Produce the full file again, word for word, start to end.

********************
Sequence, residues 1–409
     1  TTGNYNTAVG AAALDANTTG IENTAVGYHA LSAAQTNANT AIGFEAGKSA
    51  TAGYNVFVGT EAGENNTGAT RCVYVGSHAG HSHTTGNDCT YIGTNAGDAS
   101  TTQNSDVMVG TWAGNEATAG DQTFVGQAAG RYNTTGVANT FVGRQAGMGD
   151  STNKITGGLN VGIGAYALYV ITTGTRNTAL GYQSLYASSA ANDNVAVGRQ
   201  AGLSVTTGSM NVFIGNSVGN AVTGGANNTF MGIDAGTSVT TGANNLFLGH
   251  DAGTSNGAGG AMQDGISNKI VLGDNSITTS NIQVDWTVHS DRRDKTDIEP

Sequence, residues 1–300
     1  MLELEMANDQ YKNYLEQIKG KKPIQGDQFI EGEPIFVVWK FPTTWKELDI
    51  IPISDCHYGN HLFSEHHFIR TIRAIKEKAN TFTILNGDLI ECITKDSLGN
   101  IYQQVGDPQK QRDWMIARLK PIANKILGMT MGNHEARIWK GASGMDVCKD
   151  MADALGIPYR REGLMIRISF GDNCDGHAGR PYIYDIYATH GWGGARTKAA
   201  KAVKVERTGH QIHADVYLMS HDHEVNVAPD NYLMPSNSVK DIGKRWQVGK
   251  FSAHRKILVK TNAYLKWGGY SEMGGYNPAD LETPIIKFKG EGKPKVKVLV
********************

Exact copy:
Sequence, residues 1–409
     1  TTGNYNTAVG AAALDANTTG IENTAVGYHA LSAAQTNANT AIGFEAGKSA
    51  TAGYNVFVGT EAGENNTGAT RCVYVGSHAG HSHTTGNDCT YIGTNAGDAS
   101  TTQNSDVMVG TWAGNEATAG DQTFVGQAAG RYNTTGVANT FVGRQAGMGD
   151  STNKITGGLN VGIGAYALYV ITTGTRNTAL GYQSLYASSA ANDNVAVGRQ
   201  AGLSVTTGSM NVFIGNSVGN AVTGGANNTF MGIDAGTSVT TGANNLFLGH
   251  DAGTSNGAGG AMQDGISNKI VLGDNSITTS NIQVDWTVHS DRRDKTDIEP

Sequence, residues 1–300
     1  MLELEMANDQ YKNYLEQIKG KKPIQGDQFI EGEPIFVVWK FPTTWKELDI
    51  IPISDCHYGN HLFSEHHFIR TIRAIKEKAN TFTILNGDLI ECITKDSLGN
   101  IYQQVGDPQK QRDWMIARLK PIANKILGMT MGNHEARIWK GASGMDVCKD
   151  MADALGIPYR REGLMIRISF GDNCDGHAGR PYIYDIYATH GWGGARTKAA
   201  KAVKVERTGH QIHADVYLMS HDHEVNVAPD NYLMPSNSVK DIGKRWQVGK
   251  FSAHRKILVK TNAYLKWGGY SEMGGYNPAD LETPIIKFKG EGKPKVKVLV